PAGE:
August 24, 2022 • In the News

Will Massachusetts improve air quality for communities burdened by air pollution? According to a new study from Boston College’s Global Observatory on Planetary Health by pediatrician Dr. Phil Landrigan and Harvard Medical School neurology and psychology professor David Bellinger, air pollution kills an estimated 2,800 people annually. The study also demonstrates how air pollution damages our well-being — from underweight births and pediatric asthma to heart disease and cancer. The findings are devastating and grim, and also beg the question, how many more studies on air pollution’s harmful effects on our collective health and communities must be published before we change course in Massachusetts?

This legislative session, a crucial air quality priority supported by the Massachusetts Environmental Justice Table, a coalition of organizations working to achieve environmental justice, and the Somerville Transportation Equity Partnership, was not included in the final climate bill sent to Governor Baker’s desk for signature. Why? The Air Quality Bill is a bold, yet essential step to advance public health, equity, and environmental justice. How could it not?

For over a decade, Massachusetts has made important strides in addressing climate change and, relatedly, air pollution. Since the passage of the 2008 Global Warming Solutions Act, there has been a marked reduction in pollution. The Legislature set climate pollutant emission reduction targets to fight the climate crisis and improve air quality. These actions have accomplished tangible benefits. These victories cannot be fully celebrated until the benefits of cleaner air are reflected in public health outcomes and shared among all communities.

Dangerous air pollution, especially from ultrafine particulate matter (UFP), nitrogen oxides, and black carbon, persists today in many parts of our state. And, while air pollution affects all, environmental justice populations — people of color, Indigenous people, low-income households, and limited-English-proficient speakers — continue to bear a disproportionate burden. As the earth warms, asthma and respiratory diseases will increase dramatically in areas ravaged by air pollution. Already, one in five children in the U.S. has asthma because of car exhaust. These children are disproportionately of color and tend to live closer to highways.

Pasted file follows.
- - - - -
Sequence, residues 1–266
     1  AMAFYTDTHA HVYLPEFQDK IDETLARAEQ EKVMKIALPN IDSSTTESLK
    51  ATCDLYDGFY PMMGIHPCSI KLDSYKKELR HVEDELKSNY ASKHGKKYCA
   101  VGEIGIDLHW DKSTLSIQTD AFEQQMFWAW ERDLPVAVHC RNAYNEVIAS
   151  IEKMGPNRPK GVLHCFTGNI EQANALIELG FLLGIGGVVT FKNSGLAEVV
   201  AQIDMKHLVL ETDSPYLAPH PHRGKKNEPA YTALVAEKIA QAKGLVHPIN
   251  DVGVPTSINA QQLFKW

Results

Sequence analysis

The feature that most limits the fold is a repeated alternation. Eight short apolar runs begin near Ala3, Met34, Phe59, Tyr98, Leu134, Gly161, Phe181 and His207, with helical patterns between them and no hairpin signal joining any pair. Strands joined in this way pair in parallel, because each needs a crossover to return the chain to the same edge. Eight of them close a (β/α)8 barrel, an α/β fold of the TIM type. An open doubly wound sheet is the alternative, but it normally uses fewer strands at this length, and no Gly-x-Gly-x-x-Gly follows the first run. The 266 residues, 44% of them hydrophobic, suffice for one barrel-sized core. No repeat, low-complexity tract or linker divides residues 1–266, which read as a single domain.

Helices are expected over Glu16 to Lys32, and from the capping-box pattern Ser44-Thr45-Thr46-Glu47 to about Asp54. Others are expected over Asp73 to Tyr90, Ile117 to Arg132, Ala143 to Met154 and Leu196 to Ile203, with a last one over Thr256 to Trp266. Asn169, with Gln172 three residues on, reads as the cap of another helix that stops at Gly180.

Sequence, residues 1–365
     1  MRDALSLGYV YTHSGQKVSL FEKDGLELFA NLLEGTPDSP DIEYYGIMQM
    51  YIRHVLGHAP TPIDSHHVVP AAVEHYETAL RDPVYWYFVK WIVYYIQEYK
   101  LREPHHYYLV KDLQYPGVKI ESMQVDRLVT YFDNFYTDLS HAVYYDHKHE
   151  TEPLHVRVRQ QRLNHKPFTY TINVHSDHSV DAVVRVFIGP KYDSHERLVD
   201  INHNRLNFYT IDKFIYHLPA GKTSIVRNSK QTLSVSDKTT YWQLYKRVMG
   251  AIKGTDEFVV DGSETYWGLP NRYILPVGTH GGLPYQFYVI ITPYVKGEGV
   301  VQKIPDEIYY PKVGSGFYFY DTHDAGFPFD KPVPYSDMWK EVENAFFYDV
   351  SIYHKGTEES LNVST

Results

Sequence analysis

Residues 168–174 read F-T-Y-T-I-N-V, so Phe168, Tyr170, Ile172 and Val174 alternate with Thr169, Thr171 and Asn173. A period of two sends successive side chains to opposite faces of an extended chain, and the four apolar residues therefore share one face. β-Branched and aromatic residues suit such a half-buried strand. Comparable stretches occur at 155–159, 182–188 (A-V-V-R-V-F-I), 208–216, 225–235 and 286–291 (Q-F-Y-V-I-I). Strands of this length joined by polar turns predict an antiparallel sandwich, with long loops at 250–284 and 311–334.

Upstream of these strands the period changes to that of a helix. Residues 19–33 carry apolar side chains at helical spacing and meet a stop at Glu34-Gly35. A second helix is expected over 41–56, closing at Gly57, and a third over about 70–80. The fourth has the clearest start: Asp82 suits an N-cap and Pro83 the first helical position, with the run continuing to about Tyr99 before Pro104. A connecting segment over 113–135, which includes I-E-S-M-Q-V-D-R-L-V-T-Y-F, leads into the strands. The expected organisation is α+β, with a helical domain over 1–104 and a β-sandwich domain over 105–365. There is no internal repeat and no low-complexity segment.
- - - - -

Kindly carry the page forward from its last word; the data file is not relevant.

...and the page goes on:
Tragically, the pandemic has reminded us of the consequences of increased vulnerability to pulmonary diseases. Studies have shown that people in communities with higher levels of air pollution experienced worse COVID-19 symptoms and were more likely to die from the virus. In Massachusetts, an analysis from the Office of Massachusetts Attorney General Maura Healey underscored that the devastation wrought by the pandemic has not been experienced equally. Communities like Chelsea, Roxbury, Brockton, Lawrence, Somerville, and Springfield, among others, are suffering from decades of air pollution that has led to poor health outcomes and increased premature mortality for residents of those communities.

While these public health issues are on the rise, our state’s existing policies fall short. Our state’s air quality monitoring infrastructure is outdated relative to technological progress and public health awareness. For instance, our state does not operate any air monitors for UFP; and, while our air monitoring network includes some monitors measuring fine particulate matter and black carbon, there are often too few near roadways, ports, or airports necessary to identify pollution hotspots and corridors.

The Air Quality Bill went long way in addressing these public health gaps. The bill would have expanded air monitoring for black carbon, UFP, and criteria pollutants in hotspots. This monitoring would provide critical information that will enable Massachusetts to set reasonable and necessary air quality improvement targets to be reached by the end of this decade.

The Air Quality Bill also addressed indoor air quality. It would have required the installation of air filters in critical existing indoor spaces within 200 meters of congested roadways, such as schools, residential buildings with more than two tenant-occupied units, commercial buildings with more than five full-time employees, and correctional facilities.

Furthermore, the Air Quality Bill tackled mold enforcement, a critical issue in low- income housing areas, by adding enforcement provisions to the state sanitary code. This is a major priority for Massachusetts Environmental Justice Table members in Springfield. Finally, the Bill would have required upgrades to building codes to prevent the installation of new gas stoves, a major air contaminant for residential spaces.

As the recent Massachusetts air pollution study authors stated:, “the obstacles to air pollution control are no longer technical. They are economic and political.” Massachusetts needs air quality legislation to become law to improve public health for current and future generations. Massachusetts needs air quality laws that ensure environmental justice populations have an equal chance to thrive. We look forward to working with legislators next session to make progress on air quality.